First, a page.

In March, Facebook outlined a plan to fully encrypt its messaging services—WhatsApp, Instagram, and Messenger. Encryption allows users of these messaging platforms an additional layer of data privacy and security.
For Facebook (FB), implementing end-to-end encryption across its messaging apps could give it some peace of mind. In July, the FTC (Federal Trade Commission) hit Facebook with a $5.0 billion fine due to data privacy lapses. Facebook is the subject of several privacy-related lawsuits.
However, Attorney General William Barr wants Facebook to halt its plan to fully encrypt its messaging services. Barr and the Department of Justice argue that the type of encryption that Facebook plans to implement would hinder the ability of law enforcement agencies to investigate and prosecute crimes.
Facebook rejects Barr’s push for a back door to encrypted messaging services
Facebook opposes the idea of allowing government access to encrypted messages. It argues that opening such a back door would undermine the privacy and security of people who use its messaging services.
Facebook’s WhatsApp already encrypts messages shared by its users. In fact, encryption has been a major selling point for WhatsApp. So, we believe that weakening WhatsApp’s encryption to allow government access could diminish its appeal as a private chat platform. In turn, that could hurt WhatsApp’s growth and subdue Facebook’s monetization plans for the service.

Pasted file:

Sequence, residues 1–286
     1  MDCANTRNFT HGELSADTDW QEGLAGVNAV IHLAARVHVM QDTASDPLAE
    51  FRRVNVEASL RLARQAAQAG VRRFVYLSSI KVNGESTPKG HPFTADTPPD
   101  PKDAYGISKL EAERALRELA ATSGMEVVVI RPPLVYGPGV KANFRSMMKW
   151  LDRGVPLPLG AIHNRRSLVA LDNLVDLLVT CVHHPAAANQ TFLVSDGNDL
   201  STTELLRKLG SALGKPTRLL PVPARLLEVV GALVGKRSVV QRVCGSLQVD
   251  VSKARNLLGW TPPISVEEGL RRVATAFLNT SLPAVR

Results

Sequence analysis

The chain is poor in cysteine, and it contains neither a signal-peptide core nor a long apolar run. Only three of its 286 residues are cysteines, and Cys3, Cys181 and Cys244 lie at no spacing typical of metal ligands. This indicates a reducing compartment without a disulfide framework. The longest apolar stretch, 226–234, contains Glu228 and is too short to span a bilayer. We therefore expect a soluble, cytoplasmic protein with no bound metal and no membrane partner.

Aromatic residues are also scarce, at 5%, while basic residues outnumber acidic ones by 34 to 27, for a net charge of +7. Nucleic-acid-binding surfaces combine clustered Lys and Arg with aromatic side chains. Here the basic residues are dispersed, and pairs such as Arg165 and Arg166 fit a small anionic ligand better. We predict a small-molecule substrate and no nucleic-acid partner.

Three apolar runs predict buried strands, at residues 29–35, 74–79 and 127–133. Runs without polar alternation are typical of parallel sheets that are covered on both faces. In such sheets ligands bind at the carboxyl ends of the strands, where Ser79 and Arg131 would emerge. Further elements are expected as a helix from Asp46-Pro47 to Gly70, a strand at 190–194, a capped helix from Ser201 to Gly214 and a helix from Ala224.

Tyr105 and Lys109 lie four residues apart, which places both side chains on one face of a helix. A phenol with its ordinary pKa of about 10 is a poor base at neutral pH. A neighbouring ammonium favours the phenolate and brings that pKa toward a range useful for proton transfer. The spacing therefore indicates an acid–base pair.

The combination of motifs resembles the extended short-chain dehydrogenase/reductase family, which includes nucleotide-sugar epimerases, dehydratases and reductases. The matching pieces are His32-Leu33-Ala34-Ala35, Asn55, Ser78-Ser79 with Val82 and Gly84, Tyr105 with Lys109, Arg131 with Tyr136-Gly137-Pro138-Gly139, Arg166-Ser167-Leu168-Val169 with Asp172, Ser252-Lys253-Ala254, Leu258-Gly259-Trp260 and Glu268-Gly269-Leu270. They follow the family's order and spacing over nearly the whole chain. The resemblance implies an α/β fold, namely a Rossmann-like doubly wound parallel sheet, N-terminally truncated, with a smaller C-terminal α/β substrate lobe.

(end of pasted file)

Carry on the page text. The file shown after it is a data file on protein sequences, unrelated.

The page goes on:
WhatsApp has more than 1.5 billion users around the world. Facebook plans to start running ads on WhatsApp starting in 2020, which would allow Facebook to capture a bigger share of the global advertising market. According to eMarketer estimates, the global digital advertising market could expand to $517.5 billion by 2023 from $283 billion in 2018.
In addition to selling ads on WhatsApp, Facebook also plans to launch a payment service tied to the app. The WhatsApp payment service is expected to debut in India, offering a $1.0 trillion market opportunity.
Barr asks DOJ to investigate Facebook
Seeking backdoor access to Facebook’s encrypted messaging services is not the only area in which Barr is pressing Facebook. Barr has also asked the Department of Justice to open an antitrust investigation into Facebook, according to a September 25 Bloomberg report.
Facebook already faces antitrust investigations by Congress, the FTC, and a group of states led by New York. So, a DOJ investigation would clearly exacerbate Facebook’s regulatory challenges.